Thursday, September 3, 2020
Attorney Improperly Obtained Default Without Telling Ex-Client’s New Lawyer
By Sandra Hong, Staff Writer
The Court of Appeal for this district yesterday affirmed an order setting aside an $8 million default judgment against a Russian pop singer, sued by her former manager, a Beverly Hills attorney who failed to notify the singer’s counsel about his lawsuit, instead relying on a wardrobe designer to serve the summons and complaint on the defendant.
Los Angeles Superior Court Judge Timothy P. Dillon, sitting pro-tem in Div. Seven, wrote the unpublished opinion affirming an order by Los Angeles Superior Court Judge Holly E. Kendig to set aside a default and default judgment sought by attorney Tristram Buckley against his former client Lena Katina, who gained fame in the early 2000s as part of the Russian pop duo called t.A.T.u.
Buckley filed a complaint against Katina in 2013, claiming Katina unjustly fired him to avoid paying his fair share of earnings and future revenue for effectively getting her career on a track toward “the highest possible likelihood for commercial success.”
But Buckley, who faces disciplinary sanctions in an unrelated matter for filing frivolous pleadings and failing to obey court orders, never attempted to inform Katina’s lawyer about the lawsuit or the subsequent entries of default.
“The trial court did not abuse its discretion in granting Katina’s motion for equitable relief and setting aside the default and default judgment,” Dillon declared. Presiding Justice Dennis M. Perluss and Justice Gail Ruderman Feuer joined Dillon’s opinion.
After filing the complaint in June 2013, Buckley neglected to notify her attorney, Mark L. Levinson, with whom Buckley spoke with and emailed numerous times in an attempt to reach settlement after he was terminated by Katina three months earlier.
Buckley claimed more than $8 million was due to him based on earnings while he managed Katina from 2012 to 2013 and a 20 percent cut of her future revenue. Then-Los Angeles Superior Court Judge Michelle R. Rosenblatt (now retired) ordered entry of default in December 2013 and ordered a default judgment of $8,175,788 in October 2015.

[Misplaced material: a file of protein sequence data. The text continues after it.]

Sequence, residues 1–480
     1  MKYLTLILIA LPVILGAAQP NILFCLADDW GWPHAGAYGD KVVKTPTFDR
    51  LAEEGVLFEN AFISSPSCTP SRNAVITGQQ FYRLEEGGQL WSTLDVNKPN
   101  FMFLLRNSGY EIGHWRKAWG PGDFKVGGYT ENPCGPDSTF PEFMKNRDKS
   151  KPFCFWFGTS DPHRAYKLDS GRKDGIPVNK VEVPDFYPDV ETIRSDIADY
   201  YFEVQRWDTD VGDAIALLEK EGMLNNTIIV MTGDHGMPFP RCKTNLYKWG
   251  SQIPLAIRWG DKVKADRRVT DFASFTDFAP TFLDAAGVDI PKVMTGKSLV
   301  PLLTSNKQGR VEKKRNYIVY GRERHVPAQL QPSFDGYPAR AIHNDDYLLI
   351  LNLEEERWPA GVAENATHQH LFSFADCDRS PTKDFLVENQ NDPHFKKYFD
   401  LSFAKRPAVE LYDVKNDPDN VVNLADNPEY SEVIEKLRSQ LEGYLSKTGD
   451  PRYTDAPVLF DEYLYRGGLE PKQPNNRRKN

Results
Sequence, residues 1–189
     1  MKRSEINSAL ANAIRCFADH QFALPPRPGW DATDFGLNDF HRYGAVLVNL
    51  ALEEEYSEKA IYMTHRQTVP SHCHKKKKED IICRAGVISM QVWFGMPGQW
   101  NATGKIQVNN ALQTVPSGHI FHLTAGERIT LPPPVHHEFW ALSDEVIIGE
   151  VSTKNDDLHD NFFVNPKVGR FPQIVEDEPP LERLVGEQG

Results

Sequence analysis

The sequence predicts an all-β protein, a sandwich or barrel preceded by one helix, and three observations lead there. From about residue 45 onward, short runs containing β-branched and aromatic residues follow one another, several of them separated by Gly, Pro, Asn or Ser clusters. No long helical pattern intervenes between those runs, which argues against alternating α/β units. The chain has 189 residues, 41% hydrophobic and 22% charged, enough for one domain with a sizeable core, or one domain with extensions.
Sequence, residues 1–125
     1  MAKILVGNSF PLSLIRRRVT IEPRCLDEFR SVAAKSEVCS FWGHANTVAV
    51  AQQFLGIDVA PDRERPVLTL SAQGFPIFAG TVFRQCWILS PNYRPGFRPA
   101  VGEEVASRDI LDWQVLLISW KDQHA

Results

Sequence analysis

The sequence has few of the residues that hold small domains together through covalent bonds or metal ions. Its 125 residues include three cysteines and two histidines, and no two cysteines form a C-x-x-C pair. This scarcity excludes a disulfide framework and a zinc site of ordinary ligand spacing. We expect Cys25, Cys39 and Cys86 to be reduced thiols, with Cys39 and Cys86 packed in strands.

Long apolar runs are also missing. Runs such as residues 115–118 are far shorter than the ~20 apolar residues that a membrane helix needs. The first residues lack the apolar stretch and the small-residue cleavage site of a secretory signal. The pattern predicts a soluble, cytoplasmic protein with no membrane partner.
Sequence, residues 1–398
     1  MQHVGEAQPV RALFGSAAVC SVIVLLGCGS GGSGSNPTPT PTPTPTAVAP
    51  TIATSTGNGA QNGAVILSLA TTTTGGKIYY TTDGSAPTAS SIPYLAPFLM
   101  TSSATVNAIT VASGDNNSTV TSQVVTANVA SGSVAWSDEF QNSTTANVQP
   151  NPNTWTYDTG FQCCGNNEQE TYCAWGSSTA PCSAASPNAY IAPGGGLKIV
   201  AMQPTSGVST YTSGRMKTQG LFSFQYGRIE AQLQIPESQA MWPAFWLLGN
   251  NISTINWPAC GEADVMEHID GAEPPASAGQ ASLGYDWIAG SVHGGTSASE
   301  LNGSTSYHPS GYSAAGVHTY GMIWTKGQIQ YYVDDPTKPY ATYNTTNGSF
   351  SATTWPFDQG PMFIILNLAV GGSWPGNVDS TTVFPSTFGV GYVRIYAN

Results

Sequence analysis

In granting Katina’s motion to set aside the default and default judgment, Kendig said it was “blatantly unethical” for Buckley to fail to advise Levinson about the lawsuit.
“[N]either Katina nor her legal representative were made aware of the default or the default judgment until well after the fact,” Kendig observed.
“This egregious conduct is more than sufficient to constitute a basis for setting aside the default and default judgment based on extrinsic mistake.”
He instead asked Katina’s wardrobe designer, Kate Harbuzava, to personally serve the singer. Harbuzava signed proof of service and claimed she handed the document to Katina, telling her it was from Buckley.
Katina maintained she never opened the envelope and instructed Harbuzava to give it to Levinson.
Buckley argued that it showed Katina ignored the lawsuit and lacked a satisfactory excuse for default. Dillon disagreed.
“While Katina’s decision not to accept the documents from Harbuzava and forward them herself to Levinson can be debated, Buckley’s status as a lawyer is relevant to the analysis,” Dillon wrote.
“Buckley knew that Levinson represented Katina in their dispute. At a minimum, Buckley, as an attorney, had an ethical obligation to notify Levinson.”
Dillon further noted Levinson’s declaration stating, had he known of Buckley’s complaint or the default, “he would have immediately found a litigator to defend her rights.”
The case is Buckley v. Katina, B278362.
Counsel for Katina were Kimberly A. Wright of Revolve Law Group in Irvine and Michael D. Kuznetsky of Kuznetsky Law Group in Burbank. Buckley represented himself.
Buckley faces a two-year suspension of his State Bar license, followed by a two-year probation, for his conduct related to a 2015 lawsuit filed against him alleging assault and battery, slander, and elder abuse. The case is Zampolli v. Buckley, BC59273.
The lawyer asked the State Bar Court’s Review Department to overturn the discipline, but then moved in April to reopen proceedings in the Hearing Department, causing his request for review to be nullified. His motion to reopen was denied on Thursday of last week by State Var Court Judge Yvette D. Roland.
He also is charged with withdrawing client trust account funds for personal use between 2017 and 2018. That matter is pending.
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